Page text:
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Make our own I guess, but coming up with sufficient 'loam' has put me off so far, also it will be full of weed seeds.

I only use bought compost for sowing seeds and things in pots, I hope to try my hand at making usable potting compost once I have sufficient leaf mold - a hot compost bin will hopefully deal with the seed problem,

Time will tell!

Edd wrote (see)

What were the results Nanny gardener.?

Results very variable. Interesting though that John Innes had the worst results overall the different trials. I always mix mine in anyway. Seems to me you pays your money and takes your choice. Sometimes you get good stuff...sometimes you get rubbish...literally

 

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Have just transplanted 48 small mixed salvia plants which were grown from cuttings, they have a  really extensive root system!

Also have lots of Echinacea seedlings from seed saved from named varieties are now germinating.

The seeds and cuttings  were sown/rooted in a mixture of finely riddled pure peat and washed river sand, six of peat to one of sand which gives a nice open mixture!

They were all kept in the greenhouse!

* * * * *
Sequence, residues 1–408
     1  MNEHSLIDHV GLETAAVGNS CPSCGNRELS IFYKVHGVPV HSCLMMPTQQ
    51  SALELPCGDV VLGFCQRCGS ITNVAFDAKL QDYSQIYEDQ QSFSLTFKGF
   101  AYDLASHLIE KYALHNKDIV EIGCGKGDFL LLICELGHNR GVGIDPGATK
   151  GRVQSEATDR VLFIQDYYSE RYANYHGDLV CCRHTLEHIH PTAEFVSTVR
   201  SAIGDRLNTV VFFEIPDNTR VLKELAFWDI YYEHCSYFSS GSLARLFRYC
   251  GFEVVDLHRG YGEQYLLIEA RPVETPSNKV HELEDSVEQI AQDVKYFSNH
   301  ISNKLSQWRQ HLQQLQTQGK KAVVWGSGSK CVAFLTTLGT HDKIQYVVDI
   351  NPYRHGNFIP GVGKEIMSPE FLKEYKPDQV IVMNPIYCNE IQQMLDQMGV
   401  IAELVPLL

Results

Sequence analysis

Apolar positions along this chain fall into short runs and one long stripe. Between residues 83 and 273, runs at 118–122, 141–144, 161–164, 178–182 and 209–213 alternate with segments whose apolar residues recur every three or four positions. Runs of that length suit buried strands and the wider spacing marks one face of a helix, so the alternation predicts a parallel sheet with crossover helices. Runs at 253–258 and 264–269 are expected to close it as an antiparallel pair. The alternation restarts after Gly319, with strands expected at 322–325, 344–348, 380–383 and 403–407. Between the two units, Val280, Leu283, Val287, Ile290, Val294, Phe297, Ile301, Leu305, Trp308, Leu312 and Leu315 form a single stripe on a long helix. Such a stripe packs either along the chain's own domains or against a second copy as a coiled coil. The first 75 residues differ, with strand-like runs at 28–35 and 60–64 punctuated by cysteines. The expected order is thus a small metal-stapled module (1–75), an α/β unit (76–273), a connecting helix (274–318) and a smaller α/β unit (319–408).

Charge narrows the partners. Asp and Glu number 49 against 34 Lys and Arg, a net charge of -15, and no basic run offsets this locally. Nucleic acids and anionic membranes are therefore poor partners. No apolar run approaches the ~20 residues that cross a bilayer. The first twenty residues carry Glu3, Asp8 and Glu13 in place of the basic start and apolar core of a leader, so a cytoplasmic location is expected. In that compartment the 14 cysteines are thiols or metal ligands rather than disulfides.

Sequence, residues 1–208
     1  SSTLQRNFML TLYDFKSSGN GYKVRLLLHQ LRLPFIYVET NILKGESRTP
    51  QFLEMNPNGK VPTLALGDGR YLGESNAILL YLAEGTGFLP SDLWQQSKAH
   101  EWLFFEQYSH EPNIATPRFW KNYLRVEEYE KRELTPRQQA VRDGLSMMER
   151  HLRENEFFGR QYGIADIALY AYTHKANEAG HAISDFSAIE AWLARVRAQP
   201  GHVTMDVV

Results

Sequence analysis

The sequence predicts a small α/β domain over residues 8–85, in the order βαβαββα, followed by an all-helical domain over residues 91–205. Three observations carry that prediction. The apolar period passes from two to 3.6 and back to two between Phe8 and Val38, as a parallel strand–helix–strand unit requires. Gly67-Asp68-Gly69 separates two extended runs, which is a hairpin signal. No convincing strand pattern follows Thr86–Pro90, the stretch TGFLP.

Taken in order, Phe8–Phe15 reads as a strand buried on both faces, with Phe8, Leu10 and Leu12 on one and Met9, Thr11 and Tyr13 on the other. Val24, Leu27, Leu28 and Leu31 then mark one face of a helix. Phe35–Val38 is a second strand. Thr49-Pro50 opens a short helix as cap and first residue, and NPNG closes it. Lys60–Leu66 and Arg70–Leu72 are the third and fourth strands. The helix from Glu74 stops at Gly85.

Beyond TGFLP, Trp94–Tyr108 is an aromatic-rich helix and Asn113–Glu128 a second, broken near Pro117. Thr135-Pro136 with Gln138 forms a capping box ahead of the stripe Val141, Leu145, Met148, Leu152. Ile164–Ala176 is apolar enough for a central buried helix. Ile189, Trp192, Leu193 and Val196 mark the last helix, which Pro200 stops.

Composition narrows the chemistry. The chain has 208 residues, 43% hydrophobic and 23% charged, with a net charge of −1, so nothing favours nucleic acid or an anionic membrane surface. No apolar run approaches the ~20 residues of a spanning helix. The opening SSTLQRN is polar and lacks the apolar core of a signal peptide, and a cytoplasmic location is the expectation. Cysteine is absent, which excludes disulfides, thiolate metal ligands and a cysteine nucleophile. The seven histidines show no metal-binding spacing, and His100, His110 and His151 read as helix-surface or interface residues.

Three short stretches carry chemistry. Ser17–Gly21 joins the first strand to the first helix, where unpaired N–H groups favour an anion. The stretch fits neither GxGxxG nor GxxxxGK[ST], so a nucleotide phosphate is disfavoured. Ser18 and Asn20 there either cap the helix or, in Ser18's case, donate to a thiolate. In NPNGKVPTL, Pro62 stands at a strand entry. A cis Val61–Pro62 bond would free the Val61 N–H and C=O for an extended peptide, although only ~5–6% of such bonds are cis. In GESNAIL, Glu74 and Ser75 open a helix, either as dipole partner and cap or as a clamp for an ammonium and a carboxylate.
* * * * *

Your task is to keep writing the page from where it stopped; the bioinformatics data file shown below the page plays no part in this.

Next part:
Hope they continue as they have started!

Welshonion
No peat sources are sustainable. Peat was laid down millions of years ago. They ain't making it any more!
i am in dispute with homebase at the moment regarding there multipurpose compost on sale for 2x 120 ltr bags for £ 14 sounds a good price until you start to use this rubbish and that is what it is bits of wood ,plastic , small stones even a bit of glass and a high percentage of wood chippings added to bulk up the bag, i returned both bags to homebase for a refund but i have lost a lot of seedlings as there seems to be some kind of contamination in the compost still waiting to hear from homebase regarding this issue ,what they did say was that westland was there supplier and i should contact them.   mr angry.

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I personally don't find Westland compost that great at all, I bought it last year and it was more like bark.

i have used the garden compost from my composter for the first time this year since I started it 2 years ago, for seeds and cuttings I have just added sand  which has worked out just fine.

 

I use peat free New Horizon, it has worked fine for beetroot, chillis, spring onions, tomatoes, pak choi, french beans, leeks, sweetcorn etc. I am suspicious of Which trials. For example, not feeding tomatoes before planting out is bizarre. It sounds like they are mainly testing fertiliser levels. And of course compost varies not only from year to year, but sometimes within a year. NH has varied this year, some bags are woodier than ideal, but it still works. I picked up some Lidl compost today, 25l for £1.29, 200L for just over £10. Peat free too.